Joseph John Thomson was born in Cheetam Hill, a district of Manchester, England, on December 18, 1856. Also known as «JJ« Thomson, the scientist studied engineering at Owens College, now part of the University of Manchester, and then mathematics in Cambridge.
In 1890 JJJ Thomson married Rose Elizabeth Paget, daughter of Sir Edward George Paget, with whom I had two children: a girl named Joan Paget Thomson and a boy, George Paget Thomson.
The latter would become a famous scientist, obtaining in 1937, a Nobel Prize in Physics for his work with electrons.
From a young age, Thomson focused his studies on the structure of atoms, thus discovering the existence of electrons and isotopes, among other contributions.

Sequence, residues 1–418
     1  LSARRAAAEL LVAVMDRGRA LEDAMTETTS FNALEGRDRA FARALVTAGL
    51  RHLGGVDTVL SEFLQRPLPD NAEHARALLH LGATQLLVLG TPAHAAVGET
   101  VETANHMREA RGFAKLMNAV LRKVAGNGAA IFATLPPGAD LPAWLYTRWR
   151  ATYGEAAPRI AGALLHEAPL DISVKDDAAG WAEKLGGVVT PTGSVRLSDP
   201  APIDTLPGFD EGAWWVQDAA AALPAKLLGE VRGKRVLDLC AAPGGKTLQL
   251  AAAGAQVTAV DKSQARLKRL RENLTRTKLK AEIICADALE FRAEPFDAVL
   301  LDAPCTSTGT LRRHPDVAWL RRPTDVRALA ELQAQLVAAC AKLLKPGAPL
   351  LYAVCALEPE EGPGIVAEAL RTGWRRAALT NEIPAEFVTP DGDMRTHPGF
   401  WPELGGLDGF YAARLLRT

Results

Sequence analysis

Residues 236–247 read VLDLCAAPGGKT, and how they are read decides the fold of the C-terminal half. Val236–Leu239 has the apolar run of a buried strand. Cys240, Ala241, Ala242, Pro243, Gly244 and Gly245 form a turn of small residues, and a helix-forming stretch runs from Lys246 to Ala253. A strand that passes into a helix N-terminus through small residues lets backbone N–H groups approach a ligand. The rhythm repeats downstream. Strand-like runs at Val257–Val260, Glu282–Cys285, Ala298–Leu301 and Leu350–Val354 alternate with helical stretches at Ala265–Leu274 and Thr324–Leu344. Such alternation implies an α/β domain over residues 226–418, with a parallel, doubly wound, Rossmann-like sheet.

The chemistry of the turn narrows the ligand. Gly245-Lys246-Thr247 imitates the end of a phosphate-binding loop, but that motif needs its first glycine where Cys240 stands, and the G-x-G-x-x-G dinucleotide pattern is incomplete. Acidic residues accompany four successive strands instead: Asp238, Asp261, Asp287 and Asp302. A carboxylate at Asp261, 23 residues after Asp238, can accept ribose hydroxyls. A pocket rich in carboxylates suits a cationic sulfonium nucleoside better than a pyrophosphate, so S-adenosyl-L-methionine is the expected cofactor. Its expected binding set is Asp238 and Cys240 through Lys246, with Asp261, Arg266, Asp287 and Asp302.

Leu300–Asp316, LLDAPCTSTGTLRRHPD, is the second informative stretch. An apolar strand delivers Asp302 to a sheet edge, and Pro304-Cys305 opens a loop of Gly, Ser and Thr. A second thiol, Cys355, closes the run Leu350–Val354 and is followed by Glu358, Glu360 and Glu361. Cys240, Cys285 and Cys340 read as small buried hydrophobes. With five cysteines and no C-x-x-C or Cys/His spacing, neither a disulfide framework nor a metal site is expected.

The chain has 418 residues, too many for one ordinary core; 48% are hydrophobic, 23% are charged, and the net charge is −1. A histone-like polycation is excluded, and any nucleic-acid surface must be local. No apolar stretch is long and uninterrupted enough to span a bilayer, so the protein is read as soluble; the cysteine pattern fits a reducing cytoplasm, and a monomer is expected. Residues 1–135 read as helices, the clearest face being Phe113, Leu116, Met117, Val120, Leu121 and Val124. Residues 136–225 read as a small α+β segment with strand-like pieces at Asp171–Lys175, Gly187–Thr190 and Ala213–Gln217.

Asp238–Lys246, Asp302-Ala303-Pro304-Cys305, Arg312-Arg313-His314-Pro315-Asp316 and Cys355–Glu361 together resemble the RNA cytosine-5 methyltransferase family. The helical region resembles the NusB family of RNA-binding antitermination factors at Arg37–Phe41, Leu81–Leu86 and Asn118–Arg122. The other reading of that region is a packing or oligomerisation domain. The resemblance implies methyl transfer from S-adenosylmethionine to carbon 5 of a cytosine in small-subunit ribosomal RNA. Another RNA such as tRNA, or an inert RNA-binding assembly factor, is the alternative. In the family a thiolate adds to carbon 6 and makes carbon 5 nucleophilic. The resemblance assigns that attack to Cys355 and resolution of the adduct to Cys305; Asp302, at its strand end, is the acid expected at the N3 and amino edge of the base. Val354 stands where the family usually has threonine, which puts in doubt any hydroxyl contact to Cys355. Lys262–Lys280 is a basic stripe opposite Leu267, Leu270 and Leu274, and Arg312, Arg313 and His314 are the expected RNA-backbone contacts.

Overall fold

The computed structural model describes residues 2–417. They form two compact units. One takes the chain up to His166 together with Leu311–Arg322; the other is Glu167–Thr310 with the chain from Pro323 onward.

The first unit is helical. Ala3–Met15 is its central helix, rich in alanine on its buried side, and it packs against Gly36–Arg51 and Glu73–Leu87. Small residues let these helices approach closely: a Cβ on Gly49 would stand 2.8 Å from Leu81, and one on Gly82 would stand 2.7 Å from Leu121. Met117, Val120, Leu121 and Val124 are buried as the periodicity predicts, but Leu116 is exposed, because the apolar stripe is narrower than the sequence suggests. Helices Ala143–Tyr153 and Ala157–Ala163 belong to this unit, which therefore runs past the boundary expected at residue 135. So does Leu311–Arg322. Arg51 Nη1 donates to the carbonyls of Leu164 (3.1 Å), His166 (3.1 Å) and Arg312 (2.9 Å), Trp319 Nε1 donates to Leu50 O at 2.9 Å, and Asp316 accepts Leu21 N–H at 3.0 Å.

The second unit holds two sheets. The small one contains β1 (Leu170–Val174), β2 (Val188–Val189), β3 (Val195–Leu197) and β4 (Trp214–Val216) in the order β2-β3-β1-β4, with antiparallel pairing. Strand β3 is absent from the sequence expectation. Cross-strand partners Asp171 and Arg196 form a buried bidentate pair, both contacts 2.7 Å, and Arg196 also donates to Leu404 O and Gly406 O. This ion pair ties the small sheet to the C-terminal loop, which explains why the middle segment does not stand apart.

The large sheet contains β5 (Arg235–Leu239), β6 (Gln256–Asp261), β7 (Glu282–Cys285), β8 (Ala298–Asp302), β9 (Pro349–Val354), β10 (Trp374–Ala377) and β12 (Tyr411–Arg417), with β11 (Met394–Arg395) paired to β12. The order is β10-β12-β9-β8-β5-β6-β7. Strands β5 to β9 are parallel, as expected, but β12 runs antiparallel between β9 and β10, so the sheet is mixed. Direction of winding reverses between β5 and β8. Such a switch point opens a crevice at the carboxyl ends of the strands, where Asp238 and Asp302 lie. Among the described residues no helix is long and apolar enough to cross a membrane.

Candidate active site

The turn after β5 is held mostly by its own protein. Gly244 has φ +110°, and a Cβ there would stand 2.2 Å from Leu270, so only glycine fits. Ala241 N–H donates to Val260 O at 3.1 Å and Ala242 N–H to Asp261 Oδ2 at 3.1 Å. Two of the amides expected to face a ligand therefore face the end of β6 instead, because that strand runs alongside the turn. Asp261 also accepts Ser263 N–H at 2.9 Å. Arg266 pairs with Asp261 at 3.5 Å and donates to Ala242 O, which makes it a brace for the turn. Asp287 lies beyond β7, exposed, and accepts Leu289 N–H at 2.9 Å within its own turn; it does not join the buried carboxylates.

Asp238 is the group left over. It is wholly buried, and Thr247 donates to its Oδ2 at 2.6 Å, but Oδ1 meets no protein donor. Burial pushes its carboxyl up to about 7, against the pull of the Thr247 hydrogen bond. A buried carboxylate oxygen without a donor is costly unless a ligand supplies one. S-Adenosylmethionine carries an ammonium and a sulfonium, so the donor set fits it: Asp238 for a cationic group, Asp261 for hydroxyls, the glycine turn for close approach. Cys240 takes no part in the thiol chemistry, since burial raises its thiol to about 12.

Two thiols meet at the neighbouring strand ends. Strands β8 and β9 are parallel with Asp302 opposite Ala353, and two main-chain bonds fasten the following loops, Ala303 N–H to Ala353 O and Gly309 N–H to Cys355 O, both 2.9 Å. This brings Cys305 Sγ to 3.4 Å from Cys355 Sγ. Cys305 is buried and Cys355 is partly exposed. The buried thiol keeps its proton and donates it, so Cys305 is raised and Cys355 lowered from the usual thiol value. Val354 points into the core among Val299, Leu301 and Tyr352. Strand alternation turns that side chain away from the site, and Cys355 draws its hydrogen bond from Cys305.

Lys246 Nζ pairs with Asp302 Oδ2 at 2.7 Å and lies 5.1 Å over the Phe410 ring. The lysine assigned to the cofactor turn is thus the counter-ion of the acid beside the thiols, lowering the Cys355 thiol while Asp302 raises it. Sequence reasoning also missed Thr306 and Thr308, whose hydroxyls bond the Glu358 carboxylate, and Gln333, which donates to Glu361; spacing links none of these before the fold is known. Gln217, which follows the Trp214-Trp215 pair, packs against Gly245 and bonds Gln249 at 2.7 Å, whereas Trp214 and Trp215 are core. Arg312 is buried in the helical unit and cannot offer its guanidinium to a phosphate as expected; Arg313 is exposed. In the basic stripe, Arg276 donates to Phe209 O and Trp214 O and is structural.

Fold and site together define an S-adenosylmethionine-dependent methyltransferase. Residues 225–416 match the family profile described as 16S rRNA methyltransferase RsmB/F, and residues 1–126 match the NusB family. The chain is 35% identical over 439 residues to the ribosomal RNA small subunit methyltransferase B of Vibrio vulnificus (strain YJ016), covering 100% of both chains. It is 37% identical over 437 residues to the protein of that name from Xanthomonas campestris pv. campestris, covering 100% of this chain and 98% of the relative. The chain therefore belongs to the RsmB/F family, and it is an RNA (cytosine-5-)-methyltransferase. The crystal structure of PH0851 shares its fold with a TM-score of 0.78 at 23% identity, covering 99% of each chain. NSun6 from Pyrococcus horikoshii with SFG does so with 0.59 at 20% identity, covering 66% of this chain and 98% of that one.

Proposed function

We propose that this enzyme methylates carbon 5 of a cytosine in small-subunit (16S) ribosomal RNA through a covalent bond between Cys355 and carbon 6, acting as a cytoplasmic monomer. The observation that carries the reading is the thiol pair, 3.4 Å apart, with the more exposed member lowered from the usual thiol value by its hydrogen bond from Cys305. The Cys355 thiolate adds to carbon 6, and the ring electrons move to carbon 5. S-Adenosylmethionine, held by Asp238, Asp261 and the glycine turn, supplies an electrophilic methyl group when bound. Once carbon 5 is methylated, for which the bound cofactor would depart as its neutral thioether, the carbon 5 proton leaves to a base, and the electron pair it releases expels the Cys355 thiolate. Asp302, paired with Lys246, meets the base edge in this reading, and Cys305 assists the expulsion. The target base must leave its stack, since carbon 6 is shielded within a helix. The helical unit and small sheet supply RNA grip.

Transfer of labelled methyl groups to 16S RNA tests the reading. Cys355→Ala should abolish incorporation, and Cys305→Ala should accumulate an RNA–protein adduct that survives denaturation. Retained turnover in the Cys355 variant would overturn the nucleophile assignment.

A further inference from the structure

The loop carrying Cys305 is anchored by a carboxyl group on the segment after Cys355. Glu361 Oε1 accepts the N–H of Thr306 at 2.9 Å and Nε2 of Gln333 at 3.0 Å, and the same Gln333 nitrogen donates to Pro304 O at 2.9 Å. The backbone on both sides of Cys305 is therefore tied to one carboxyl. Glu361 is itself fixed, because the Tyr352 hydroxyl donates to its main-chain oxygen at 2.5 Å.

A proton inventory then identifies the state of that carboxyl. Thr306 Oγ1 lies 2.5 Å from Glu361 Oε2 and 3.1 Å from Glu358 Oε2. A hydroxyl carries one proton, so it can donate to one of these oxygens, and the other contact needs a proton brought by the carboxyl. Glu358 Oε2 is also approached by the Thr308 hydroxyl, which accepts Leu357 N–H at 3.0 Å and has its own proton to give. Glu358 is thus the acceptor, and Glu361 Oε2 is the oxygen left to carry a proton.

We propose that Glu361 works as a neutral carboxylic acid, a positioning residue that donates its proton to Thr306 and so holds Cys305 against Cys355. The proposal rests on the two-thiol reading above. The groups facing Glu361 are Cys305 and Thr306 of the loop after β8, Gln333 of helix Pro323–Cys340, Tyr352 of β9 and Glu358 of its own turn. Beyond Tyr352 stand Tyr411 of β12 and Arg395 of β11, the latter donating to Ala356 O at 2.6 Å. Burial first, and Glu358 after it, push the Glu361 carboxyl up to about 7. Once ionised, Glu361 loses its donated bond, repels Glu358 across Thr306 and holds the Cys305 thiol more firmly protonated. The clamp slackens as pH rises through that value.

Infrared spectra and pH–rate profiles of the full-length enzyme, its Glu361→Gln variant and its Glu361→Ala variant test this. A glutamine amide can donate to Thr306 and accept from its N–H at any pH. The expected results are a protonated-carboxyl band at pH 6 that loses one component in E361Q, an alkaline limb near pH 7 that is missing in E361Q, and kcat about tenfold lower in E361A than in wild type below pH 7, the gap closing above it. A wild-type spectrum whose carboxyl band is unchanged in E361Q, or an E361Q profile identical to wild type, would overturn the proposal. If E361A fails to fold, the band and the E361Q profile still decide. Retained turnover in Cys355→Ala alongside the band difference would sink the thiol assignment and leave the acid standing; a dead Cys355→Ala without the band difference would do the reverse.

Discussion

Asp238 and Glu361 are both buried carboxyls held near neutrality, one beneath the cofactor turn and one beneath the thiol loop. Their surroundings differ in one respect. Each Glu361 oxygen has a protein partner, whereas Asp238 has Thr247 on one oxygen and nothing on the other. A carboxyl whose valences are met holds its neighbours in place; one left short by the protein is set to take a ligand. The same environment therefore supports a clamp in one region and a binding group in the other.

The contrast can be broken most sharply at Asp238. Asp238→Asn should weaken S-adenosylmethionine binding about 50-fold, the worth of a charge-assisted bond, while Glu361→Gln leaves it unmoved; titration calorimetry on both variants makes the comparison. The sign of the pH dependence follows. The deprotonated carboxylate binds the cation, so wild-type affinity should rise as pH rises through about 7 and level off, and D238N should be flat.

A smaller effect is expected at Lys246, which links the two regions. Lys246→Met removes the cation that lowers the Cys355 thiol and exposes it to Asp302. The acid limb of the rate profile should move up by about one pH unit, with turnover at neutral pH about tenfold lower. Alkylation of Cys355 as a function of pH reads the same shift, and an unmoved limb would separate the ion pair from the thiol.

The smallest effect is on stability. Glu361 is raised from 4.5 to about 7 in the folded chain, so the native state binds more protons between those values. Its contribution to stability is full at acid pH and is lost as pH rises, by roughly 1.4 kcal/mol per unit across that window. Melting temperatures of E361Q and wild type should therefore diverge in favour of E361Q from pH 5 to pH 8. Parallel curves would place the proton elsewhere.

In 1906, Thomson received the Nobel Prize in Physics, “in recognition of the great merit of his theoretical and experimental research on the conduction of electricity through gases,” among other awards for his work. (one)
Something valuable that this character left us without a doubt was Thomson’s atomic model that was the structure that the English physicist attributed to the atoms. For the scientist, atoms were a sphere of positive charge.
In 1908 he was knighted by the British Crown and served as an Honorary Professor of Physics at Cambridge and at the Royal Institute in London.
He died on August 30, 1940, at the age of 83, in the city of Cambridge, United Kingdom. The physicist was buried in Westminster Abbey, near the tomb of Sir Isaac Newton. (2)